Julie A. Larios
Intensive study of the ways and means of making a poem.
For SUMMER 2003: This course will take as its guiding principle what poet Richard Kenney calls “rigorous insouciance” – that is, the demand that we work hard at playing. Primary to our success will be a common delight in the English language at its most essential level, that of sound and rhythm, a quality Ezra Pound called “melopoeia.” To open out the focus, we’ll look at the other –poeias: phanopoeia (vision's interplay with imagination) and logopoeia (intellect's interplay with imagination). Still, we’ll always come back to the base-line pleasures of sound. Students will write poems and have them critiqued by fellow class members. Memorization and recitations of non-student poems will be required, as will a daily log of observations about the oddities of language and the observable world. Short individual presentations will be scheduled based on student interests and readings from a course packet prepared by the instructor. Please come to the first class with two poems: one of your own, and one not your own but well-loved. Extra points if the latter employs formal tools like rhyme, meter, and form, and even more points if you have that poem memorized and ready to share with the rest of us.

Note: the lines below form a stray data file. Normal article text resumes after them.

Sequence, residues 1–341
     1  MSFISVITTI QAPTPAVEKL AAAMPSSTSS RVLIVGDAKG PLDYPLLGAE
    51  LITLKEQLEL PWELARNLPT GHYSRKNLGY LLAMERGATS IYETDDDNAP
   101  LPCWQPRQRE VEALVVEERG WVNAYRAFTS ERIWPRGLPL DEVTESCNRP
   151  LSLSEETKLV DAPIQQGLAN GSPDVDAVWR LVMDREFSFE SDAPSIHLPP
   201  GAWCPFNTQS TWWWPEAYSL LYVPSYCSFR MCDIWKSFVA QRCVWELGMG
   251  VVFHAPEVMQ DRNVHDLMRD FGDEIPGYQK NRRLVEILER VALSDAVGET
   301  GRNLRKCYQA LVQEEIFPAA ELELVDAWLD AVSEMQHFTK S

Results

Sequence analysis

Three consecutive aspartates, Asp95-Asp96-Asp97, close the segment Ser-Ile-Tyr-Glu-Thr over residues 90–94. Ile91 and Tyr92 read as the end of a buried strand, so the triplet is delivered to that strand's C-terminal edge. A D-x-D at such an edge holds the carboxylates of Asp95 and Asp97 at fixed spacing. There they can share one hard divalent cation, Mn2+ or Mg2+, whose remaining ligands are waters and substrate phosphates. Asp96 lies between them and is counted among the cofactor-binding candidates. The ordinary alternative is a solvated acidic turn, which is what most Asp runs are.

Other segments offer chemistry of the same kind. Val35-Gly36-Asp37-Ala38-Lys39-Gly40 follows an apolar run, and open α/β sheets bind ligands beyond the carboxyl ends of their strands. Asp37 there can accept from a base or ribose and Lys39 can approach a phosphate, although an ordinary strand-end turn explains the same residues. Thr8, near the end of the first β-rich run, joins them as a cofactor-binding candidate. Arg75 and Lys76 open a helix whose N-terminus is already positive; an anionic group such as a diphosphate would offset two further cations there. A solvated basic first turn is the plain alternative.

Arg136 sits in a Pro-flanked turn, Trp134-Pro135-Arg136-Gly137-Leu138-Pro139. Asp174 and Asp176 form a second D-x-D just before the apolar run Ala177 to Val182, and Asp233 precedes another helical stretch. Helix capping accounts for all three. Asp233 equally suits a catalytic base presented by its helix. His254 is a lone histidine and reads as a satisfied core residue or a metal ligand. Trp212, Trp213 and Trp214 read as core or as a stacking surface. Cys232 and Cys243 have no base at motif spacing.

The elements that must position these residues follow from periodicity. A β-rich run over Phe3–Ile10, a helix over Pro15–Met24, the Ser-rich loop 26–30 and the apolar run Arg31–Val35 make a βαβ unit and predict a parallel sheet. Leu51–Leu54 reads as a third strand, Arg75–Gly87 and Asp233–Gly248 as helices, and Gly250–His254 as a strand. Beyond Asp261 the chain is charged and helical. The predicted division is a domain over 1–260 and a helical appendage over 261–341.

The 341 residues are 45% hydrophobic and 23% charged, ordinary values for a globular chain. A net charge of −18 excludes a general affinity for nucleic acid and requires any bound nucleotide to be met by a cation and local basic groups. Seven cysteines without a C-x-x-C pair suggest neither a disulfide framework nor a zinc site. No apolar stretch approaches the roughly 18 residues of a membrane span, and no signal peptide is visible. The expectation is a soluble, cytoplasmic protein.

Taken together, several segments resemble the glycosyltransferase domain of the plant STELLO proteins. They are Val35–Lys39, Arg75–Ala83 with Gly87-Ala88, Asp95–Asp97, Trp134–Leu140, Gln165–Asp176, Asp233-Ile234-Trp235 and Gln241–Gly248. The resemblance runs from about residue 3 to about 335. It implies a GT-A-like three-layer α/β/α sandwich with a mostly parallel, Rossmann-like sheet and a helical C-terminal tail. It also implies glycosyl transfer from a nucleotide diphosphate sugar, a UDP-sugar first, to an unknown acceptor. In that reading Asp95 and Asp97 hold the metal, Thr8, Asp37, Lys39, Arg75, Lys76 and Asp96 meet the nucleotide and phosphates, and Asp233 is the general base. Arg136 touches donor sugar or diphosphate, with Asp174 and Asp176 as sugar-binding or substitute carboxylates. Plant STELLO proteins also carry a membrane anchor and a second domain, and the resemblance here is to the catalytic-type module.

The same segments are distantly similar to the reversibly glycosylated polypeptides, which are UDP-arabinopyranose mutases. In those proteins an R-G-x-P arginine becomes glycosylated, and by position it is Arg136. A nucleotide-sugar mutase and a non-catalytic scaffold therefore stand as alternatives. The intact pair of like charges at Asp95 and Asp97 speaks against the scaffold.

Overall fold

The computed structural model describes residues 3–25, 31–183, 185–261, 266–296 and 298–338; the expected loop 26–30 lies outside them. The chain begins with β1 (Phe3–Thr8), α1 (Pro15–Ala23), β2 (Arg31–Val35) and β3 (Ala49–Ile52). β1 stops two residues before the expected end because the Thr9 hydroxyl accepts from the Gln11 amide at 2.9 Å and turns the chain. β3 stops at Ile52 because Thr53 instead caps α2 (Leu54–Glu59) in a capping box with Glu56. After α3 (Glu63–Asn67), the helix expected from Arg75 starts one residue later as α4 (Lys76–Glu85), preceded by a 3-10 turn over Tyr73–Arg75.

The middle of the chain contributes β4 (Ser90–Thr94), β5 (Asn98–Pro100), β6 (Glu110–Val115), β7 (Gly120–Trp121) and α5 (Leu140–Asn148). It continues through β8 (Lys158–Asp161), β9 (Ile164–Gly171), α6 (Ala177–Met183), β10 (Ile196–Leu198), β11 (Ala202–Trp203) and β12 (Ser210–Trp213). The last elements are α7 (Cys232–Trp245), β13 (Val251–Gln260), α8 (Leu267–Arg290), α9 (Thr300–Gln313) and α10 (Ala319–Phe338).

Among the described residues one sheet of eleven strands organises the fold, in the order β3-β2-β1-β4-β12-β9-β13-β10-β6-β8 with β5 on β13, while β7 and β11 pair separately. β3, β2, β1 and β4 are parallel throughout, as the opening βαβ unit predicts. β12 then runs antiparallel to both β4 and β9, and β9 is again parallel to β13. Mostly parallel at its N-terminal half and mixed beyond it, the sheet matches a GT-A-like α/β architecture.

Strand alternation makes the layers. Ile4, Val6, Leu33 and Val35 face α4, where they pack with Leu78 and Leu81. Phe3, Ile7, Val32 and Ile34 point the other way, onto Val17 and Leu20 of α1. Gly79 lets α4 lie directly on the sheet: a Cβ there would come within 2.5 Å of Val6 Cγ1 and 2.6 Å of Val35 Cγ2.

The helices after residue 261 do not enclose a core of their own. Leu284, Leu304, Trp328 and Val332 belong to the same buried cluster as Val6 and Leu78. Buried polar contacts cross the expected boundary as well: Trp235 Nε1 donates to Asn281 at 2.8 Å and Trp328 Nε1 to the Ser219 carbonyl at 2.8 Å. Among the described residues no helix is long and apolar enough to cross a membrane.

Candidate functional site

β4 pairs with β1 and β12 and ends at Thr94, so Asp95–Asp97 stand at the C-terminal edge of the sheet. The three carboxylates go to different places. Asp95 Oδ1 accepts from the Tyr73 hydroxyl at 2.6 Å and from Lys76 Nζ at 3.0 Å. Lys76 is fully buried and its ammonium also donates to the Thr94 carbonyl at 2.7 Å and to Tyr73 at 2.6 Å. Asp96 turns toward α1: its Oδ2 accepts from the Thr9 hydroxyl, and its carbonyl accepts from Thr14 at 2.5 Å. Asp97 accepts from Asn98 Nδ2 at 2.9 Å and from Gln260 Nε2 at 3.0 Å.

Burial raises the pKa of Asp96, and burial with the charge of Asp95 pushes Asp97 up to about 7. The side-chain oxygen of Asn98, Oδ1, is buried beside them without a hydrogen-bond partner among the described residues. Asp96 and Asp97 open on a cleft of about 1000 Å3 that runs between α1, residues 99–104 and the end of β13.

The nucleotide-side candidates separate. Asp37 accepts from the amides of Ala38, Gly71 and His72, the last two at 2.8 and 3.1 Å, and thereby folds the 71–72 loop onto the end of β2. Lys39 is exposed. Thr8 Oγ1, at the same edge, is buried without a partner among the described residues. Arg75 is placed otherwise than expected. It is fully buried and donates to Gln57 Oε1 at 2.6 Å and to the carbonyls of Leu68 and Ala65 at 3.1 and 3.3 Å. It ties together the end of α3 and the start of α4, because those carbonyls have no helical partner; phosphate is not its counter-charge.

This is a workshop-format class, but there will be a substantial amount to read (and respond to) from a course packet of essays about and examples of the art and craft of poetry.
Class Assignments and Grading
Three factors will be considered in assigning final grades: 1)engagement in class discussions regarding student poems and assigned readings. 2)completion (on time) of all written assignments. 3)quality of final portfolio.